By Madison Vain
March 11, 2016 at 12:42 PM EST
Danny Clinch

For nearly 10 years, Brian Fallon was frontman for the influential New Jersey group Gaslight Anthem, who turned out five albums of blazing punk that appealed to both the Vans Warped Tour and NPR set. But since the group entered an “indefinite hiatus” last year, Fallon hasn’t been resting. Instead, he’s going solo and on his first proper LP, he’s dialing back the noise for acoustic ballads and strummy rockers.

If it seems like Fallon is echoing the career moves of The Garden State’s other most famous musical export—that’d be Springsteen—you wouldn’t be far off. But on Painkillers, 36-year-old Fallon proves he’s a first-rate songwriter with a dozen tunes that wax philosophical about love and the human condition—the dude’s like a modern day Nietsczhe with a sleeve tattoo. On the rollicking “Among Other Foolish Things,” he croons, “And they say such foolish things/ Like, ‘Love, love, love, love is all you need’/ But everything inside is saying/ ‘Danger, baby, love’s gonna leave.” And on the Tom Petty-esque “Nobody wins,” he opens up about the bitter truths of a failed romance. “I guess we’re never gonna end up the lucky ones,” he sings to an old lover. “Oh, if I never see you again/Have a round of me love/Hallelujah, nobody wins.”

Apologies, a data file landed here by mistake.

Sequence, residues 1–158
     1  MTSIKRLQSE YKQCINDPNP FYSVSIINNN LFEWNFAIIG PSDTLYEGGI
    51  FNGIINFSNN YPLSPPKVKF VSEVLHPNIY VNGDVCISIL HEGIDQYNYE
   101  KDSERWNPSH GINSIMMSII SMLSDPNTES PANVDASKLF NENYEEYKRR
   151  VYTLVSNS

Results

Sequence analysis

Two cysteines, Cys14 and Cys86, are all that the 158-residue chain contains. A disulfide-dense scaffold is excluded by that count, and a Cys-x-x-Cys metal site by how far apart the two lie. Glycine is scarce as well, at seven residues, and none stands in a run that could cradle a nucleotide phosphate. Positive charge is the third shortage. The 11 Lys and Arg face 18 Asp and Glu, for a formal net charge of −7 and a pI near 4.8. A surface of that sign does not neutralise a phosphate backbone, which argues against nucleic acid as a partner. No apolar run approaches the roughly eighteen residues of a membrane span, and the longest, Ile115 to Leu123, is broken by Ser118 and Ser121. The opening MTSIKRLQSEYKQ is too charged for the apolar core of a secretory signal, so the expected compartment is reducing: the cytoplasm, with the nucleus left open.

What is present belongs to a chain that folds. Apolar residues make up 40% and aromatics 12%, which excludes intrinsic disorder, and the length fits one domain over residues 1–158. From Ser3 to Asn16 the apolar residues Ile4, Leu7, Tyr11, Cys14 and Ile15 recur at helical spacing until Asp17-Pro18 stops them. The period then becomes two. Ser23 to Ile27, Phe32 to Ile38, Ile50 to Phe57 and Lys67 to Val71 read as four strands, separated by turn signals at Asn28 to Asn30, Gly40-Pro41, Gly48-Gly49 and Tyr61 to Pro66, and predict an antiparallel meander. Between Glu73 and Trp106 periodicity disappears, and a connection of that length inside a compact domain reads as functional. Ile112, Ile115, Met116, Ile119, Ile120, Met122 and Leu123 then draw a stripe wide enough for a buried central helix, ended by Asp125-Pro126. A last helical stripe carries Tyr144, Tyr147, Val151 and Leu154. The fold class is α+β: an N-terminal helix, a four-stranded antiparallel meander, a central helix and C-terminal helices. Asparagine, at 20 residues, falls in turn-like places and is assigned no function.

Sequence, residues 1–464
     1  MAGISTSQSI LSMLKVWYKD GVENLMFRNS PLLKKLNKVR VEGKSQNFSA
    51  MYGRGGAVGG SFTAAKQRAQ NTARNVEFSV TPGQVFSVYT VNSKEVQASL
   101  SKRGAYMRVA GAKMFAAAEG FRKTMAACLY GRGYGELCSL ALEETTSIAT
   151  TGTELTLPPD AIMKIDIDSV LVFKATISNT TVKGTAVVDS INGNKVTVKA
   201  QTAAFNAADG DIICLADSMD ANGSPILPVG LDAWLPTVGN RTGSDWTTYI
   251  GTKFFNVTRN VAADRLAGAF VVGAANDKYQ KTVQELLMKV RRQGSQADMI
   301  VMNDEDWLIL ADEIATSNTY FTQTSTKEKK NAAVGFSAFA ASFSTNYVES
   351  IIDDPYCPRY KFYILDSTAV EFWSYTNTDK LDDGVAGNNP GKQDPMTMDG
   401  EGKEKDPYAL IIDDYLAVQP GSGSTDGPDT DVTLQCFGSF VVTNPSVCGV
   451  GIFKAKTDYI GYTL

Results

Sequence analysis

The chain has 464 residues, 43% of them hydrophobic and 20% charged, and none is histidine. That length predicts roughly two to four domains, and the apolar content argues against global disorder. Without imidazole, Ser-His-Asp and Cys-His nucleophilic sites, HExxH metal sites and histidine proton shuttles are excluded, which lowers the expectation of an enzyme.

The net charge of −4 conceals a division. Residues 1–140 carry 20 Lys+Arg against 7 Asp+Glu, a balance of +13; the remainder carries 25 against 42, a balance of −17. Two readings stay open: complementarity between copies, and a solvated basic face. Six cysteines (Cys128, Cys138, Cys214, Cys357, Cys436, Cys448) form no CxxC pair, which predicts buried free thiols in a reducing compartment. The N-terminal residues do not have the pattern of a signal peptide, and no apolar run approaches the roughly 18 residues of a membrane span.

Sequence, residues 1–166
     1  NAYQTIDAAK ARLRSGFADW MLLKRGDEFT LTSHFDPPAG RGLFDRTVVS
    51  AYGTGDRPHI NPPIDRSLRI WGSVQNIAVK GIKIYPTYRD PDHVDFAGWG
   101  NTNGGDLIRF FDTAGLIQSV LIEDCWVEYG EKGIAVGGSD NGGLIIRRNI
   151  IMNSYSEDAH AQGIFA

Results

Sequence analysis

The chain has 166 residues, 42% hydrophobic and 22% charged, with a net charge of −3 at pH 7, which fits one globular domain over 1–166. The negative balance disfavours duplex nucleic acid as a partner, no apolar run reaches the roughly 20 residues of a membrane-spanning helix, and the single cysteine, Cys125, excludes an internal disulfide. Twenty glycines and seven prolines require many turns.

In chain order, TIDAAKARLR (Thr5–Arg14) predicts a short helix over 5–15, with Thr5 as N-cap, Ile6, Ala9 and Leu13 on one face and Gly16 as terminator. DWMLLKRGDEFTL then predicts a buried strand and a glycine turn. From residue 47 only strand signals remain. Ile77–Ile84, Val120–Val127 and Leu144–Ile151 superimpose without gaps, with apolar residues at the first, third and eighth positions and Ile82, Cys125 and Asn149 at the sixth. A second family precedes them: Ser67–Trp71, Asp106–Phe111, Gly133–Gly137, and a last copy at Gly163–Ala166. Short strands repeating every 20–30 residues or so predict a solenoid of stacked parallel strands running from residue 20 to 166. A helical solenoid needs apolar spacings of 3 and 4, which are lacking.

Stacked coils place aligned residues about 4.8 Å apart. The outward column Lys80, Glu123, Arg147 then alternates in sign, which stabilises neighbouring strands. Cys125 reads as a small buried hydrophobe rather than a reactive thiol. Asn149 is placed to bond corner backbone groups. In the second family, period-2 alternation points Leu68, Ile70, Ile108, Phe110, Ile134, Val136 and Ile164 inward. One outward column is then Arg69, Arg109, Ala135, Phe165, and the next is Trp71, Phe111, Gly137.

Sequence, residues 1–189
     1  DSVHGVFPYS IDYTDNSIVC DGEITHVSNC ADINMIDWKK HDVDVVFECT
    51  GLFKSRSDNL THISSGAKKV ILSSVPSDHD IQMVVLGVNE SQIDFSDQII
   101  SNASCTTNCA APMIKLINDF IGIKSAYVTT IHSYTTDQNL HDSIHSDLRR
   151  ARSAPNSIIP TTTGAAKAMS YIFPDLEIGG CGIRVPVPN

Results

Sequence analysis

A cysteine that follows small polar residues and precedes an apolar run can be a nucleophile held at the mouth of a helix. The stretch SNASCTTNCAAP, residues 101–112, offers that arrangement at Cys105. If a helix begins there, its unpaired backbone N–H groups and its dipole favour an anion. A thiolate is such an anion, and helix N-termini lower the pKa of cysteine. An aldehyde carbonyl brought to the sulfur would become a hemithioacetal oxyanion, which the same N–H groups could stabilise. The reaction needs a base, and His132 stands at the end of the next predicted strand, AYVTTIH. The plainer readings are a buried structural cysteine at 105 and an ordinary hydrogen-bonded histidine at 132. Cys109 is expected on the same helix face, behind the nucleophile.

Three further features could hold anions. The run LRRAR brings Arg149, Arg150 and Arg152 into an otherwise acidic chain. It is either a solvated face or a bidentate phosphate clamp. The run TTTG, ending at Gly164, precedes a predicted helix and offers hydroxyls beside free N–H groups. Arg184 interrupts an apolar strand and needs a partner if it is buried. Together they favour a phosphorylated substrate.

This might sound like the very definition of Bummer Town, yet Fallon and producer Butch Walker elevate the mood with upbeat arrangements while Fallon’s gravelly rasp sounds more world-weary than ever before. There are slight signs of optimism on tracks like the country-tinged “Open All Night,” too. “I don’t let reminders get me down like before,” he sings. Fallon may no longer have the fire of his beloved punk rockers behind him, but it doesn’t matter: Painkillers is a compelling second act.

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